NASA aims to get the first human to the far-off planet of Mars in the 2030s.
It is one of the few planets that has a history like that of Earth.
Author and space-lover Nicky Jenner tells Sally McDonald about her book on Mars, and why she would ‘absolutely’ go to the Red Planet.
When and how was your interest in Mars first sparked?
I’ve always been interested in Mars. I’m a huge lover of astronomy and space overall, but Mars is just fascinating. There may only be a few worlds that have a history similar to Earth in the entire universe, and certainly only a couple that we could hope of reaching. Mars is one of them.
Why was it important to write this book?
Mars is everywhere at the moment. The planet’s been a mainstay in space exploration for years, but in recent years talk has turned more intently to sending humans there, and even setting up some kind of colony. I thought it was important to dig into Mars’ appeal, and write an up-to-date biography of what it’s actually like, why it’s interesting, and why non-scientists should care. In short: is it worth the trip?
How long did it take to research and write and what were the challenges?
One of the biggest challenges was timing. Science moves pretty fast at times! I’d often finish the draft of a given chapter, and the next week a new finding would come out.
A chunk of the research and writing process, which took around 18 months, involved reviewing what I’d written and making sure it was all up-to-the-minute before it was even published.
Did you make any amazing or exciting discoveries along the way, and what were they?
We often think of Mars as being somewhat similar to Earth, but the whole Martian system is wonderfully alien. There’s so much we don’t know about Mars, and the more we learn, the more exciting it gets.
A good example is Mars’ moons, Phobos and Deimos – I had no idea how little we know about them. We’re not sure what they’re made of, or how they formed.
Phobos in particular is intriguing: it’s covered in stretch-mark-like streaks, a sign that it’s being slowly torn apart by Mars’ gravity, and it orbits Mars faster than the planet itself rotates… meaning that if you were stood on Mars, Phobos would seem to rise and set in the “wrong” direction twice in a single day.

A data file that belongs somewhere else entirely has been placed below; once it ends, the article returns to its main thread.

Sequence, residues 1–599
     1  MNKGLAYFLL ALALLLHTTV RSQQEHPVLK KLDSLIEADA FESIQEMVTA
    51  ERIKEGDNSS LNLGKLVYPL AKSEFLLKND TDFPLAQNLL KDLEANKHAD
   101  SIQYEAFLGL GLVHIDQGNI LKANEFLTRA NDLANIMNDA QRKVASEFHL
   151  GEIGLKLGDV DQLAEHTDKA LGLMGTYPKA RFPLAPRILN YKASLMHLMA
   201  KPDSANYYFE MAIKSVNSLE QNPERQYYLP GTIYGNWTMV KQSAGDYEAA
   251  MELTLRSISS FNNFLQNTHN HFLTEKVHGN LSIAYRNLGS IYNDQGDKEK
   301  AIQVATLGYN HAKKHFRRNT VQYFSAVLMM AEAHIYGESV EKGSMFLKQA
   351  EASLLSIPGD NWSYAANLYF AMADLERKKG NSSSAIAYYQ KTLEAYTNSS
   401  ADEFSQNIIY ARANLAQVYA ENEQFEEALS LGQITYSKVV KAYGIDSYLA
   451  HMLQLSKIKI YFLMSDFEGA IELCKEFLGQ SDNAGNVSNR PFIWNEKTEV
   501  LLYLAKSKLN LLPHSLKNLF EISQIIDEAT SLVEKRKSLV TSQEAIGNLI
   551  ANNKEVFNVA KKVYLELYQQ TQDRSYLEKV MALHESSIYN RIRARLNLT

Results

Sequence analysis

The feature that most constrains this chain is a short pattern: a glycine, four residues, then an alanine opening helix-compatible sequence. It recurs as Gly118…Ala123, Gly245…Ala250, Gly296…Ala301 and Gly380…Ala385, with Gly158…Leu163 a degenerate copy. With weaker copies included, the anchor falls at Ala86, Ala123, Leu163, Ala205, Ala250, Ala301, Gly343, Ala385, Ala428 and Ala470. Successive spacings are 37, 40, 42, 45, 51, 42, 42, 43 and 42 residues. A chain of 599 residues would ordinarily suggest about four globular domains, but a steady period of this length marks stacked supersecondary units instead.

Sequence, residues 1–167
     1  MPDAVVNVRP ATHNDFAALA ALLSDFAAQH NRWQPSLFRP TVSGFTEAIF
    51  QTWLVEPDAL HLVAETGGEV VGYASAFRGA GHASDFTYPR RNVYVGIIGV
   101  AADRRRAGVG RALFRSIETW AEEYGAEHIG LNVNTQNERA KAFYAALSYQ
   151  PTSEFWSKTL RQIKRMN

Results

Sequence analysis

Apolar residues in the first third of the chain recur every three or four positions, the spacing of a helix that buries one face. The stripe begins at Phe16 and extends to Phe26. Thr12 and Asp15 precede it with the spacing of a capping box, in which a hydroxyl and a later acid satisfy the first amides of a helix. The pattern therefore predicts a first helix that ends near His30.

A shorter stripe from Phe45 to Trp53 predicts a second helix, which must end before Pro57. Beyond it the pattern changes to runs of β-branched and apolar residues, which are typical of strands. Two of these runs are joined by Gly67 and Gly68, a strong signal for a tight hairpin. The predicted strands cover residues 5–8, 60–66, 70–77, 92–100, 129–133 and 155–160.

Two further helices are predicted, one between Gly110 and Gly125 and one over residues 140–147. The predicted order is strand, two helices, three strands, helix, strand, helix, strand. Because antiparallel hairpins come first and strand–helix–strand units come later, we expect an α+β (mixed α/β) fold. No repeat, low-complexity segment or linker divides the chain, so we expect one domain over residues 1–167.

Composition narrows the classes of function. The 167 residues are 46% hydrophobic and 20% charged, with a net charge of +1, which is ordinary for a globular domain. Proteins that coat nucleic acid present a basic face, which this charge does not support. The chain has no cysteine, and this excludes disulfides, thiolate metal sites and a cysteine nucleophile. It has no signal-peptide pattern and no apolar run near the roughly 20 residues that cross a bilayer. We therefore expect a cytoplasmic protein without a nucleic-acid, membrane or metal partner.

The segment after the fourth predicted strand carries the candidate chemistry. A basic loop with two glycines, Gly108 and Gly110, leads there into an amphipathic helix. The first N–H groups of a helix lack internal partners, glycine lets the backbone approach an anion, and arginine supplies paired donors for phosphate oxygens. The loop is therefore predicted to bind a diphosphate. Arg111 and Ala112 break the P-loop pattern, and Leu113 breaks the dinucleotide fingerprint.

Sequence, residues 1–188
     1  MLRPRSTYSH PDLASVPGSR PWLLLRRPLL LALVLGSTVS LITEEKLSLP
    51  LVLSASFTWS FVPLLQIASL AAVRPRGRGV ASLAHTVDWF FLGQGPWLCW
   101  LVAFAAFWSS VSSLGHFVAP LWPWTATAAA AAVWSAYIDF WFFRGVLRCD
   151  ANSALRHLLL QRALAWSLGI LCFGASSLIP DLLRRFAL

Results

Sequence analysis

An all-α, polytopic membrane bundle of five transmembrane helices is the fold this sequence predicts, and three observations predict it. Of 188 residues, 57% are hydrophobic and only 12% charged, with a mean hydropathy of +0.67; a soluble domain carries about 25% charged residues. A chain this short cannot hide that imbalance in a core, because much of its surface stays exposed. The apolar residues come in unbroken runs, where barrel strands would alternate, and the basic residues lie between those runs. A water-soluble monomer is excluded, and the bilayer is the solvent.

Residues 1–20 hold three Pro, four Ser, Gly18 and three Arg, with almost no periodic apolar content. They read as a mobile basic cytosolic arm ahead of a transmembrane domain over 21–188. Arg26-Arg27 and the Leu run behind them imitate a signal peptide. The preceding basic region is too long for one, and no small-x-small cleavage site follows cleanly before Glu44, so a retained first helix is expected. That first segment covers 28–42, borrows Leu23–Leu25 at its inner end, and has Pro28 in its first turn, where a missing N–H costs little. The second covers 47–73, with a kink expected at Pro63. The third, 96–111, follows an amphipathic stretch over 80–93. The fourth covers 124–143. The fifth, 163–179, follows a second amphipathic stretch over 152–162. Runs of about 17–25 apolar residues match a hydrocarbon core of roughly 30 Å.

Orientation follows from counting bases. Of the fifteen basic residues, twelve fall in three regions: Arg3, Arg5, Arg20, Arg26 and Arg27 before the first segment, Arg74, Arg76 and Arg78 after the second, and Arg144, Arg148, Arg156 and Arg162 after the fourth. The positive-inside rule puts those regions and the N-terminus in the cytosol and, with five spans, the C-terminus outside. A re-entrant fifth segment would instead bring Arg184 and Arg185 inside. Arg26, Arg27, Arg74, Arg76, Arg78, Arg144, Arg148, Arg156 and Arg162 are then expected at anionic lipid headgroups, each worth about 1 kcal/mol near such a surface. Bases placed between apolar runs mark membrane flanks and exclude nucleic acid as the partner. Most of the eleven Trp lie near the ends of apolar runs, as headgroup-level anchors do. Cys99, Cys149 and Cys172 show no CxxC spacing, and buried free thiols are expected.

Is it true that Mars was once warmer, wetter and even harboured life?
Yes. We think of Mars as an arid, inhospitable planet, but it’s looking like the planet was once milder, wetter, and far more habitable than it appears today.
Somewhere along the way Mars’ magnetic field switched off for some reason – scientists aren’t sure – causing it to cool down and lose its atmosphere and water to space.
Could there still be life on Mars now? If so, how?
There could! There’s a three-pronged view of Martian life amongst scientists: either it never existed, it once existed but is now extinct, or it’s still alive today.
The idea of life on Mars sounds like sci-fi, but we’re talking about microbial life rather than little green men.
If life does still exist, it’ll likely be buried underground where it’s warmer and shielded from cosmic radiation. We think caves like this might exist on Mars, so it’s possible.
Could humans colonise the planet, and if so what are the timescales and challenges?
Colonisation is certainly possible from a scientific standpoint. NASA aims to get the first human to Mars in the 2030s, so we’re still a long way off.
The main issues are probably more political and logistical. Space exploration needs stable support and funding over many years, which is really tough to achieve. We might see private ventures make more progress in coming years.
Would you go to Mars yourself if you could?
Absolutely! The chance to visit and explore another planet – what could be more exciting?
4th Rock From The Sun: The Story Of Mars, Nicky Jenner, Bloomsbury, £9.99
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